By Liz Nicholls, 12thnight.ca
“Oh let’s not talk. I’ll keep my sadness to myself,” says a mopey sister to a melancholy brother near the start of Vanya and Sonia and Masha and Spike.
Yeah, right. Like that’s gonna happen.
As the title suggests, the glum, bickering 50-something siblings we meet in Christopher Durang’s Tony Award-winner, the season finale production at Shadow Theatre, are in a Chekhov mashup. You know, middle-aged disappointment, Russian-style ennui, under-achievement, regret, missed chances, the ineffectual pursuit of lost causes.…
So … comedy, right?
Yup. As the Shadow production demonstrates, there’s spirited fun to be had hanging with dispirited characters whose world view is bleak. And oddly enough their Chekhovian ambivalence actually accommodates Durang’s exasperated, ranting kind of absurdism (though you might not predict it), in this surprisingly mellow and strangely upbeat comedy. Or maybe it’s a question of Durang reflecting on the earlier Durang of such gleefully splenetic outbursts as Sister Mary Explains It All For You, Laughing Wild, Betty’s Summer Vacation.
Anyhow, even nostalgia is depressing in Vanya and Sonia and Masha and Spike. Sonia fondly remembers dear old dad in his glory days before he lost his mind, his special endearment (“he called me his little artichoke” and he even liked artichokes!), and the heartwarming fact “he never molested me.” Vanya remembers as if it were yesterday incurring dad’s wrath, at the tender age of seven, when he didn’t know who wrote The Imaginary Invalid.
Anyhow, with differing degrees of resentment and resignation, Vanya and Sonia have put their lives on indefinite hold in the family home in the Pennsylvania outback, taking care of aging, then dying, now dead, parents, profs who’d had an unfortunate affinity for community theatre.
And these days they occupy themselves arguing whether 10 cherry trees constitutes an orchard. Vanya and Sonia and Masha and Spike is peppered liberally with every sort of Chekhov allusion, should you be of a mind to savour them, as scrambled among the characters.
A beautiful, comfy, bookish sort of prof house is before us, in every detail, in Daniel Van Heyst’s outstanding design. And you’ll laugh out loud when you see Leona Brausen’s costumes, starting with Vanya’s nightshirt and Sonia’s defeated-person’s bathrobe and Crocs. Coralie Cairns and John Sproule play along the whole keyboard of sighs, accompanied by Sonia’s cadenzas of tearful Chekhovian asides: “I’m in mourning for my life,” “I haven’t lived,” “I hate my life.”
Their only companion, is a housekeeper Cassandra (Michelle Todd), much given, as per her Greek namesake, in making dire prophecies at length and top volume: “Beware … everything!”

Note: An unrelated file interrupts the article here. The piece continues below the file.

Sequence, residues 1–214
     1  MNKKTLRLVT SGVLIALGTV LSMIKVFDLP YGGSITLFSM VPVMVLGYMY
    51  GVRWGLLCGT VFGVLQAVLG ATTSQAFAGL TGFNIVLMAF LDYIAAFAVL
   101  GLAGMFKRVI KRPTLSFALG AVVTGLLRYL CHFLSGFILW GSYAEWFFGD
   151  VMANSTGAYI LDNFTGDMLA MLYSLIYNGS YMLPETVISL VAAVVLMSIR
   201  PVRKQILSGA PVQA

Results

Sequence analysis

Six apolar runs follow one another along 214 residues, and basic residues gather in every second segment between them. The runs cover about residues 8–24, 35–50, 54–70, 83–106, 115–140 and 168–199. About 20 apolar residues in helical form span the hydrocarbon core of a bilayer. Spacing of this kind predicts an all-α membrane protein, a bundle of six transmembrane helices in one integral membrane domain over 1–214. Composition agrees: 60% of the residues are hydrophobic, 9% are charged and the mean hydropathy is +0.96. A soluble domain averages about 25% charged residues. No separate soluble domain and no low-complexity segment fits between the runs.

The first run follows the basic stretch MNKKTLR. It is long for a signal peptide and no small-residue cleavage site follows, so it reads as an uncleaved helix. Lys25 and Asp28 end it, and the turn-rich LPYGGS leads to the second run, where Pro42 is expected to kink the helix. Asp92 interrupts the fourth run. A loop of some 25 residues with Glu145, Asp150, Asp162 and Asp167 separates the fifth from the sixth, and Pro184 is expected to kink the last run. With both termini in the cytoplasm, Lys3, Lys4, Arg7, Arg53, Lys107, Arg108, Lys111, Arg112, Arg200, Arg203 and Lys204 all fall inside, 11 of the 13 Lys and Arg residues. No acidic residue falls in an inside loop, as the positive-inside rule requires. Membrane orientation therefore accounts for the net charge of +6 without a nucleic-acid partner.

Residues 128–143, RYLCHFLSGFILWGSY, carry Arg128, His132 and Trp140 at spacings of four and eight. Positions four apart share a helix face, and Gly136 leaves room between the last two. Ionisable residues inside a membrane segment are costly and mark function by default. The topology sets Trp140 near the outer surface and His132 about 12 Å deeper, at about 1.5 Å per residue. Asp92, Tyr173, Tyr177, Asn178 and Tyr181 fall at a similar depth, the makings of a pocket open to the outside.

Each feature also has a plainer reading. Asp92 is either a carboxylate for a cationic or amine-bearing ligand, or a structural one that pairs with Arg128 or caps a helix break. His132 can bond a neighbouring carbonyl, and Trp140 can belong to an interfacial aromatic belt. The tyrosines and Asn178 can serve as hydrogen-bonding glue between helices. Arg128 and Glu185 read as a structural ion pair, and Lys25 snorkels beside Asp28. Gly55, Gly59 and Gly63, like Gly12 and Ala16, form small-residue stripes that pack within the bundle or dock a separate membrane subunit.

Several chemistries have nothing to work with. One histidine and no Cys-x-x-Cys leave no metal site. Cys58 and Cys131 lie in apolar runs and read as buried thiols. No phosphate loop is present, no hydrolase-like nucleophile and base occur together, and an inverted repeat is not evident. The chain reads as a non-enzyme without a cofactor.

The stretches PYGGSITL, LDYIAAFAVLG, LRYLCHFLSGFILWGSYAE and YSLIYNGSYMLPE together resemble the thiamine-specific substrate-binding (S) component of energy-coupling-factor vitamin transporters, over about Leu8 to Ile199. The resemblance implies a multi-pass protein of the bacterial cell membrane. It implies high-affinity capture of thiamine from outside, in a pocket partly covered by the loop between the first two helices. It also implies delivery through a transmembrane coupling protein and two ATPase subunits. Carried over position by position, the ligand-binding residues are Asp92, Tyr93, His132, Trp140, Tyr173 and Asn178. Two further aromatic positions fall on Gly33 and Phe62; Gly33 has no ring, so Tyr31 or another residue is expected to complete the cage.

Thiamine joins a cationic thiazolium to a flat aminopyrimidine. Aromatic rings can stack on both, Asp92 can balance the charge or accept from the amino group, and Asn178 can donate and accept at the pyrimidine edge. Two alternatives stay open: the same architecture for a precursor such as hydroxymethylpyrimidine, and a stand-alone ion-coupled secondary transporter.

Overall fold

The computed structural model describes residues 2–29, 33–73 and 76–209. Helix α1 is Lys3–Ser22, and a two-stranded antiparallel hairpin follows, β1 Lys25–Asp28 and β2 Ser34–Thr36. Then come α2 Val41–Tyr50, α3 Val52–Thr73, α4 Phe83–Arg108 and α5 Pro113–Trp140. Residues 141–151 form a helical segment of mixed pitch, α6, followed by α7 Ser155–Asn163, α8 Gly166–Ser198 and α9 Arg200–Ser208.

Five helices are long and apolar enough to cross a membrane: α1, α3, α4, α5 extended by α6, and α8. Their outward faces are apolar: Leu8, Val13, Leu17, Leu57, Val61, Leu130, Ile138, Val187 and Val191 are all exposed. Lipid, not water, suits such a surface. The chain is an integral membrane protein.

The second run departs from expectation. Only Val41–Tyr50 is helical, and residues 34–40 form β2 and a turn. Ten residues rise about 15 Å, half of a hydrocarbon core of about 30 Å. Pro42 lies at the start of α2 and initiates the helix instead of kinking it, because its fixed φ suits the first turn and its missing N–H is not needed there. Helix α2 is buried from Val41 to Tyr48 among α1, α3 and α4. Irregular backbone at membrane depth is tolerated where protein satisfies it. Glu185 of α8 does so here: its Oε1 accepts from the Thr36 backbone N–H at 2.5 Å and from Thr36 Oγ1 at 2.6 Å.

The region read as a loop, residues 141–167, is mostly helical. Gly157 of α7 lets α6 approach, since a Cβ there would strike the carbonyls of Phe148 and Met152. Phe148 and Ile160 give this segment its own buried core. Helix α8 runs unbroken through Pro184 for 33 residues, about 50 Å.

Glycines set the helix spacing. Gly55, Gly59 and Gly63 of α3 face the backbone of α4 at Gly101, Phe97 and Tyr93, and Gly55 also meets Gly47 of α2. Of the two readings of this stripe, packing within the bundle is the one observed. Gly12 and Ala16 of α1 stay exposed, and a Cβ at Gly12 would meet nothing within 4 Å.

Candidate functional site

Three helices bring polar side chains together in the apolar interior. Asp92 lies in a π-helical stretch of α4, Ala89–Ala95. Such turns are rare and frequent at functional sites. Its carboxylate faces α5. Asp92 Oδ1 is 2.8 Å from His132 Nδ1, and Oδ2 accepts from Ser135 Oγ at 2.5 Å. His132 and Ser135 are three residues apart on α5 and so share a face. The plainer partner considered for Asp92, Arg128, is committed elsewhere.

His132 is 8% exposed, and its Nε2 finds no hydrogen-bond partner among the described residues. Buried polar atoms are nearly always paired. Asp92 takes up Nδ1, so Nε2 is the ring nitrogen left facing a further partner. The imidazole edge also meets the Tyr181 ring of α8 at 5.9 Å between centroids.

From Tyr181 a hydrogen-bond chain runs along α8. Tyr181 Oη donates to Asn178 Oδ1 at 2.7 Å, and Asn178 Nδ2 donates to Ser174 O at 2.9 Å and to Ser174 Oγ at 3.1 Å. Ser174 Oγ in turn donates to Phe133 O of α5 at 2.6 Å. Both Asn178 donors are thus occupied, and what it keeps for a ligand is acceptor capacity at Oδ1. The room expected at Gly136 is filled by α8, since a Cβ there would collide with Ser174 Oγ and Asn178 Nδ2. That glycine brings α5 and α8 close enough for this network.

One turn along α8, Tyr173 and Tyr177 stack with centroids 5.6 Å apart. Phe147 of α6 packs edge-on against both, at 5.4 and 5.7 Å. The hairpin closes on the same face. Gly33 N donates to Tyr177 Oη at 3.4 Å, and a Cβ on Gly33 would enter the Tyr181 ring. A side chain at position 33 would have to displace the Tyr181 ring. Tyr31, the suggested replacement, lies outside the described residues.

The unexpected arrival of a third sibling, Masha (Davina Stewart), a glam movie star on the wane, in the company of her latest boy-toy lover Spike (Jamie Cavanagh), is a boot to the butt of this status quo. True, Masha has been off “having a life,” as Sonia fumes. On the other hand, her lucre has been footing the bills back home, and now, a little cash-strapped, she wants to sell it.
Masha, who’s an adrenalized whack-job version of the grand dame actress Arkadina from Chekhov’s The Seagull, is famous — about to be formerly-famous — for her starring role as a nymphomaniac psycho serial murderer in the hit Sexy Killer franchise. And you can see in Stewart’s go-for-the-gusto performance — all tigerish appetite and rampaging narcissism — how she might have landed the role. Cavanagh is very funny as the preening but guileless bimbo Spike, whose solution to everything is to strip, and be admired. He is genuinely oblivious to middle-aged regret.
When a beguiling neighbour, an adorable aspiring young actress named, yes, Nina (the very amusing Rachel Bowron) arrives, a further rattling of cages happens. Masha is threatened, Vanya is cajoled into a reading of his post-apocalyptic play (à la Constantin’s experimental avant-garde play in The Seagull) and it’s a corker. Oh, and did I mention the costume party next door, in which all family members and assorted hangers-on are assigned (by Masha, of course) supporting roles in Masha’s Disney version of Snow White? Sonia rises above ennui and comes into her own as the Evil Queen in Snow White as played by Maggie Smith on Oscar night, in an absurd accent.
I find that all the comic scenes go on a little long, possibly because both play and this production try a little too hard to be funny, and seem pitched a bit high and cartoonish. But in a comedy by one of English-language theatre’s great ranters, there is a climactic verbal explosion that’s intentionally extended.
Goaded past endurance by the blithe indifference of Spike to social civilities, like not texting during a play reading, Vanya gets his atrophied dander up. And he lets loose with an all-encompassing full-blooded attack of disaffection with everything about the rude modern world that devalues bona fide human connection — social media, video games, pop culture, cellphones, the 2-D screen world from which quality is so notably absent…. “all worthless, and we don’t even watch the same worthless things together.” Sproule plays it with a kind of rueful, tear-y emotional quality that is a long way from the ferocious blood-letting of the Durang canon.
How this arrives at an ending that’s not only not savage but downright chipper, maybe even heartwarming, is something I’ll leave you to discover. But there it is, a domestic comedy by Durang that feels happiness is achievable. “I’m back,” says the terrifying Masha. “My dark night of the soul was very brief.”
Vanya and Sonia and Masha and Spike
Written by: Christopher Durang
Directed by: John Hudson
Starring: John Sproule, Coralie Cairns, Davina Stewart, Jamie Cavanagh, Michelle Todd, Rachel Bowron
Where: Varscona Theatre, 10329 83 Ave.
Running: through May 19
Tickets: 780-434-5564, shadowtheatre.org